"Sleep When The Baby Sleeps" Is Solid Advice

by Emily Westbrooks

"Sleep when the baby sleeps" is one of those pieces of parenting advice that results in a practically involuntary grimace. It's so cliché, and it's much easier said than done (as any mom knows). Still, there are definitely times when "sleep when the baby sleeps" is solid advice, even if you might want to throw me a dirty look for even subtly suggesting it.

Getting rest is my number one piece of mothering advice, honestly. A rested mom is more patient, peaceful, and present with her baby or kids. Then again, a rested mom is also pretty much an oxymoron because, at any given time, there are at least 72 things on your to-do list that could be getting done in those precious minutes of peace and quiet. So sleep when the baby sleeps necessitates permission and practice; you have to give yourself permission to invest in your future mom self and you have to practice shutting your brain off and ignoring the dishes piling in the sink.

For the first few months of my daughter's life, I considered her first nap to be an extension of my night's sleep. Even though I'm the type to want to get the day going by putting on clothes and drinking a cup of coffee, I tried to trick myself into thinking my day didn't start until after her first nap. I'm convinced that trick allowed me a little extra sanity in those first few months. The dishes and laundry and dirty bottles will literally always be there, so sleeping when the baby sleeps every so often won't set you back that far.

At Any Point In The Three Months

I was originally going to suggest sleeping when the baby sleeps at any point in the first month, but I'm giving you permission for at least three months instead.

During baby's first month, they sort of sleep all the time but could wake up at any time, making it harder to get long stretches of sleep. However, within a few months they're picking up a bit of a schedule that you can rely on for your own rest.

During Any Kind Of Sleep Regression

Sleep regressions are the worst. Just when you think your baby is going to doing some real sleeping-through-the-night action, they're up 15 freakin' times and you just want to pull your hair out and/or drown your sorrows in 11 cups of coffee before noon.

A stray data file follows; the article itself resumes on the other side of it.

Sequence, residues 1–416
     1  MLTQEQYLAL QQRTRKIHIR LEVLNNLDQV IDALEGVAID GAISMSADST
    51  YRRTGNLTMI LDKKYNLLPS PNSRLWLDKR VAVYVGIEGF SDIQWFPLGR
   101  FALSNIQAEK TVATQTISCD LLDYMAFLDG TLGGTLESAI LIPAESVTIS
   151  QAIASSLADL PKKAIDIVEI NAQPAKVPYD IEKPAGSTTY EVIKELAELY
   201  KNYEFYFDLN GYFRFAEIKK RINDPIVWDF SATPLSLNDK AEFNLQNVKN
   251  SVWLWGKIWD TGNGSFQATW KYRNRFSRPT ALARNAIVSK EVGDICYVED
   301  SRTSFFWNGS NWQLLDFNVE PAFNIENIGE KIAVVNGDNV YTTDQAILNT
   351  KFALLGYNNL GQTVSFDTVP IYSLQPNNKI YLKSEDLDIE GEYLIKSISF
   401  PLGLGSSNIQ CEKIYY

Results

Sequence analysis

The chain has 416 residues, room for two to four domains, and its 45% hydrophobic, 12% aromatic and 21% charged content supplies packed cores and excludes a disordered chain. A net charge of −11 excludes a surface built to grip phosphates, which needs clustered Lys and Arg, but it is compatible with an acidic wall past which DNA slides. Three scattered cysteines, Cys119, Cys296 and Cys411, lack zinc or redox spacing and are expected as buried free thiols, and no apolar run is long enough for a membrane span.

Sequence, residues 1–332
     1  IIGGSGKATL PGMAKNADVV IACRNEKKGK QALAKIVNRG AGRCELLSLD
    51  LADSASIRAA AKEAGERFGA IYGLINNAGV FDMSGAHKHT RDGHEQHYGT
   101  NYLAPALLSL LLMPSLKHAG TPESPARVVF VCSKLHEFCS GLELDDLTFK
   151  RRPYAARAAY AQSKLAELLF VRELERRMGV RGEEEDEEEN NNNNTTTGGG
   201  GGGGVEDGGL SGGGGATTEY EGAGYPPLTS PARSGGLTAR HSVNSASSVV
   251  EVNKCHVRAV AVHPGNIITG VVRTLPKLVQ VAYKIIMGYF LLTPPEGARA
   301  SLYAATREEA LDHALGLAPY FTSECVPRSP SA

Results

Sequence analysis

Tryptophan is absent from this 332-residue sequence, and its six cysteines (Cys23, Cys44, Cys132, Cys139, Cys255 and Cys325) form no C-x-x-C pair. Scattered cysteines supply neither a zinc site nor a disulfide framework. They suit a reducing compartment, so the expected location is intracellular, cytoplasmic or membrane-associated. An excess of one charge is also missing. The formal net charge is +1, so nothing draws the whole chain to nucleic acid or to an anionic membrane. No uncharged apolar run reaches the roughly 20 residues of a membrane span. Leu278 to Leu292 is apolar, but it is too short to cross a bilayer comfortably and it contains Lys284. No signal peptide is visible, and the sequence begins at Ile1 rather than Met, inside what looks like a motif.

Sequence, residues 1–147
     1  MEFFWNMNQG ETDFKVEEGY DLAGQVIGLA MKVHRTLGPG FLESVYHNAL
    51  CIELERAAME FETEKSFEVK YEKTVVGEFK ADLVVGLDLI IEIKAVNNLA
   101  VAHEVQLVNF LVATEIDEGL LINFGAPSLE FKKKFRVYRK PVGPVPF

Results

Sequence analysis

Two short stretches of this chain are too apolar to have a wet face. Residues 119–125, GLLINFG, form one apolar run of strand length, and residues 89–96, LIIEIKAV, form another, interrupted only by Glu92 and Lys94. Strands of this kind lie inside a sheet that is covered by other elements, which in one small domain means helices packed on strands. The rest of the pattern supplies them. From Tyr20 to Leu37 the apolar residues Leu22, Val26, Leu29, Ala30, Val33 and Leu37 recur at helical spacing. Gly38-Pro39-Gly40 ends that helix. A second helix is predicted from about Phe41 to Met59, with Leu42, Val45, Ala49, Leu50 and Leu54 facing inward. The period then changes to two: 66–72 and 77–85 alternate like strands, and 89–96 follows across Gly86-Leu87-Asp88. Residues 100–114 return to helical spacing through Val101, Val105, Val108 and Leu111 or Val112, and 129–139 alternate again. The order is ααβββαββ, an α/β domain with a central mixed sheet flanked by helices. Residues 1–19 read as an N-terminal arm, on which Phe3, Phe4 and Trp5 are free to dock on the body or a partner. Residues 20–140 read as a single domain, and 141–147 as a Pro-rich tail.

If your kid is going through a sleep regression, you have permission to sleep whenever they sleep during the day.

When Someone's Minding Other Kids

Obviously, if you have older kids who need your supervision, you can't really check out for a nap while your youngest sleeps. However, if someone else has your older children (like if they're in preschool or daycare or a grandparent happens to be around) give yourself permission to nap while your baby naps and don't feel bad about it for a minute.

After Or Before A Night Out

Every mom needs some time out of the house with girlfriends or her partner to feel like a real human once in a while, but staying up even past 10:00 can throw me for an exhausted loop the next day.

Sleep when the baby sleeps is great advice either before (so you're a little more fun past dinner time) or after, so you can catch up on a little missed sleep. Heck, sleeping when the baby sleeps before or after a night out is a great idea altogether.

When You Can Leave The Baby Monitor With Someone Else

One of the hardest things about sleeping when the baby sleeps is that inevitably the baby will wake you from a deep sleep approximately seven minutes after you achieved it. That first moment of hearing your baby cry is just painful, almost negating all the good that nap did for you. Always sleep when the baby sleeps if there's someone who can listen for him or her to wake up. Better yet, if they can entertain that baby for a little while and extend your nap!

When The House Is A Mess

Part of my typical get-up-and-start-the-day routine always involved getting dressed, drinking coffee, and putting the house back together from the day or night before. Very Type-A, yes, but we all have our hang-ups. It wasn't the easiest thing for me to get used to sleeping when I could have been cleaning up bottle mess from the night before or emptying the dishwasher.

Then I got over it.

I gave myself permission to rest so that I could feel human more of the time, and it made all the difference, dishwasher be damned.

When Your Baby Isn't Necessarily Asleep Yet

I used to lay in my bed, scrolling through Instagram, waiting for my daughter to be fully, fully asleep before I tried to get to sleep myself. Bad idea. As long as your baby isn't screaming the house down and you have a reasonable expectation that she'll fall asleep on her own eventually, hit the sack and don't look back. It used to drive me nuts that I wouldn't know exactly when she fell asleep so I couldn't say exactly how long she napped, but honestly, the extra time I had to fall asleep mattered much more.

When They Have A Predictable Nap

When your child is old enough to have a predictably long nap, like when they're 9-18 months and sleeping less often but in long one or two hour stretches, sleep when they sleep. The heck with those unpredictable younger baby naps of 45 minutes, older baby naps are longer and relatively predictable, meaning you can sack out for a few hours and feel way more refreshed after.

When You Know You Won't Make It Through The Day Without It

This is the catch-all permission. Permission for when you shouldn't really even need permission to take a break and a rest. When you're exhausted and just don't know how you're going to make it through the afternoon with your kiddo, that's when to sleep when they sleep. Don't feel guilty, don't make excuses, just get some sleep and wake up knowing you're that much closer to bedtime.